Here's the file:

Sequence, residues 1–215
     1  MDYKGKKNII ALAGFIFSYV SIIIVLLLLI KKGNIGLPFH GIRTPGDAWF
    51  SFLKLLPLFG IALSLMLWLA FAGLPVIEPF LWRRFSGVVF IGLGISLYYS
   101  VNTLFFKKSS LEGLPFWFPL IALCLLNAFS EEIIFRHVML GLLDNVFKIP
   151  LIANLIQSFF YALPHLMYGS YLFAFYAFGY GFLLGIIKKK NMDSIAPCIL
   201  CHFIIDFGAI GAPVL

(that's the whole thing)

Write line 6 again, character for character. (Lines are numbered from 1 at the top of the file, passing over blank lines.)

   201  CHFIIDFGAI GAPVL